Good eating habits
Your toddler won’t be shy about telling you they don’t like cauliflower, even if he loved it yesterday. And kids are all different – just because an older child was a faddy eater, a younger one might not be. Treat each child as an individual. You’ll find ideas for healthy snacks and discover toddler unfriendly food as well as healthy alternatives.
Mealtimes troubleshooting checklist
- Is your child growing and thriving? If the answer is ‘Yes’, there’s no need to worry.
- Are they filling up on drinks? Because toddlers only have small tummies, too much juice or milk could be filling them up. If this is the case, gradually cut down and give them plain water instead, unless you are continuing to breastfeed.
- Does your tot keep asking for sweet and fatty foods? Have healthy snacks to hand to avoid denting their appetite with high-calorie food like sweets, biscuits and crisps. Dried fruit has a high nutritional value and its counted as one of their five-a-day. However, as it sticks to teeth and contains a lot of sugar, it can cause tooth decay. It should be given at mealtimes only as it is less damaging to teeth this way.
- Are they saying no to everything? Remember, there isn’t any food your tot has to eat. If they don’t like something, don’t force it. Instead, find an alternative from the same food group which they do like and try again another day. In the longer term, you could review their snacking options. Find more tips for getting your kids to eat healthy foods and view healthy snacking options for toddlers.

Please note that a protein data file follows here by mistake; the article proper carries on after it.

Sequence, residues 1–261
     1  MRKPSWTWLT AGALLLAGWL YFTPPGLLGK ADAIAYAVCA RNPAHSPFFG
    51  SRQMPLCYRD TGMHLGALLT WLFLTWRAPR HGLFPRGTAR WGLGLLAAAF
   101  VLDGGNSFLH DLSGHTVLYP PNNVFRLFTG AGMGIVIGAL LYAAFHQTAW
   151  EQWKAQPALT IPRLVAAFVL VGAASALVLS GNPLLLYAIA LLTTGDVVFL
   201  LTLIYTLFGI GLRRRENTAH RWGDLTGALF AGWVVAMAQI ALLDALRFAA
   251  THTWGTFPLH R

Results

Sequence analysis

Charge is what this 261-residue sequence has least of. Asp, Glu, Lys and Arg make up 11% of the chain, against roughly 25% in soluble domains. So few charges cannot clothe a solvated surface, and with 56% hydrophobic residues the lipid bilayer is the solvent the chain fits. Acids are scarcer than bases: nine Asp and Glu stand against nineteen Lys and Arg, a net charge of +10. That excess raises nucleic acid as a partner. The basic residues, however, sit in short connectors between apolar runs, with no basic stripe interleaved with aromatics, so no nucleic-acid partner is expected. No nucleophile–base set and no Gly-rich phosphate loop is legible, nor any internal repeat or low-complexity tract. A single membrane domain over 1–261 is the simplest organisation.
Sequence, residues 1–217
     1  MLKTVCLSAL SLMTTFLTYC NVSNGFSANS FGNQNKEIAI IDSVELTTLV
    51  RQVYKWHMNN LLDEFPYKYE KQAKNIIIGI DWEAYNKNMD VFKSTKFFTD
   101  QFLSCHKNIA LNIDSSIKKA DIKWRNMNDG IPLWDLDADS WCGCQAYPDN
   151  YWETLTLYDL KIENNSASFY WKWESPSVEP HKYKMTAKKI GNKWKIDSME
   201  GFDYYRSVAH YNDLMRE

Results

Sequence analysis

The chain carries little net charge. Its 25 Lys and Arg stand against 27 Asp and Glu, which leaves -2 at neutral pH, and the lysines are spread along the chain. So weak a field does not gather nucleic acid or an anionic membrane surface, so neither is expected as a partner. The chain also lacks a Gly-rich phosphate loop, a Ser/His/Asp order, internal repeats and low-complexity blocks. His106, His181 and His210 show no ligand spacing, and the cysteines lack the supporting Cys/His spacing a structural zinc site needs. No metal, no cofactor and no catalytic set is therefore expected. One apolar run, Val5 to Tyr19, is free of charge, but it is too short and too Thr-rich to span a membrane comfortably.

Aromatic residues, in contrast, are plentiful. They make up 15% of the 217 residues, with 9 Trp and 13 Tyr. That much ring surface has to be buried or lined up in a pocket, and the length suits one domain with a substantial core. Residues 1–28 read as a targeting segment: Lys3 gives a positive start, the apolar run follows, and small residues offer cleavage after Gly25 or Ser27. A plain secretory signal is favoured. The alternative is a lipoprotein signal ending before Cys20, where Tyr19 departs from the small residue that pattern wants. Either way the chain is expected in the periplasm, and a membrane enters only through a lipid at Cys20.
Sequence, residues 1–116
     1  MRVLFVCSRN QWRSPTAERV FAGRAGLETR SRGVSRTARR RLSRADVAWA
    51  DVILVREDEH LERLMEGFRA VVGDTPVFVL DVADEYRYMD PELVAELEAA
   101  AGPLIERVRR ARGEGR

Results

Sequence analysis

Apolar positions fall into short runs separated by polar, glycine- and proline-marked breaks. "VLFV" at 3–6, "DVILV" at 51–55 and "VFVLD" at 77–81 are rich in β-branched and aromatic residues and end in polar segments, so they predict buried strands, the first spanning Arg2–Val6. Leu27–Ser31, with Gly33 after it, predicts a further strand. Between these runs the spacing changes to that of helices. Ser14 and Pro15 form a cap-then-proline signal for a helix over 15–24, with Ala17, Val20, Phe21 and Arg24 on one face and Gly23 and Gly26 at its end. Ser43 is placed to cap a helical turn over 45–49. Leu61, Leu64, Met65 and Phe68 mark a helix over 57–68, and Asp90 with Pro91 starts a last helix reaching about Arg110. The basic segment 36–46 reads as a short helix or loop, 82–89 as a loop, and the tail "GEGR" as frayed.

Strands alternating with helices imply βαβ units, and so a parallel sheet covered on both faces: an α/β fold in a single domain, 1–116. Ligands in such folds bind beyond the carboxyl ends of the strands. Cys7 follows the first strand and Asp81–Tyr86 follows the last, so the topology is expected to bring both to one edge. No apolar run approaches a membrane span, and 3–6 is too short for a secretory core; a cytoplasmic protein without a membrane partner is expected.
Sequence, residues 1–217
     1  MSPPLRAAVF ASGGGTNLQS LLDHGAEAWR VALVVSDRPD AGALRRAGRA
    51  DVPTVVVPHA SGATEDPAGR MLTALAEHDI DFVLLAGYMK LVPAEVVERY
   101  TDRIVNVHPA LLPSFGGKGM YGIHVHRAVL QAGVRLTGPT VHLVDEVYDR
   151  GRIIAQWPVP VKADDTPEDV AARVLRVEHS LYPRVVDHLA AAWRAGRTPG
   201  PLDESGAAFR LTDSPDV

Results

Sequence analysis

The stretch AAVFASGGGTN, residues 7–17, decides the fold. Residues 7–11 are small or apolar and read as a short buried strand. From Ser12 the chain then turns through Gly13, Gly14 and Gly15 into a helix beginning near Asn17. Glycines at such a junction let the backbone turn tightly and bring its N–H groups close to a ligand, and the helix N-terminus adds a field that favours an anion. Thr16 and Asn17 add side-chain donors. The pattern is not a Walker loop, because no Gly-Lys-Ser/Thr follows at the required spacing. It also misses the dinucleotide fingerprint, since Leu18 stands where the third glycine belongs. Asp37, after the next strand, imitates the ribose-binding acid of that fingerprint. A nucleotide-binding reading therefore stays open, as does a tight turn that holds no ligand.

- Is your toddler still eating after everyone else has finished? Some children like to take things slowly. Have patience. If they don’t finish their food, take it away and don’t give them attention for not eating. Trying to force children to carry on eating when they have had enough could lead to over eating. Mealtimes should not really last longer than 30 minutes. You could try rewarding them for eating all of their food.
"Don’t like broccoli!" How you can get healthy stuff past faddy eaters
- Be flexible: ‘one of the best tips I was given is to be more flexible. I used to think Finn should have something cooked for lunch, but if he won’t eat it what’s the point?’ Lynsey, 31, mum to Finn, two and a half.
- Add variety: provide a good mix of textures and tastes and vary the way you cook. Sometimes try grilling rather than frying or stir-frying, stewing and steaming and serving some raw salads or finger foods. Remember, a portion of food for a toddler is what they can fit in their hand.
- Disguise vegetables: cheese sauce or adding them to a tomato sauce for pasta works well or try raw vegetable sticks with tomato dip.
- Make food look nice by slicing it. It will make eating a much more enticing activity for most toddlers. Eating in a group with family or playmates encourages the social aspects of mealtimes, and children learn by example. Spending time together over mealtimes is really important for a toddler. Try and eat as a family for a least one meal a day and limit meals in front of the TV. The best way to prevent fussy eating is not to make a fuss. Bribing, forcing or rewarding your child for eating is never a good idea. If you promise your child a biscuit for eating lunch, you are teaching them that lunch is a punishment and the biscuit is a reward. If food is refused take it away and try again another time.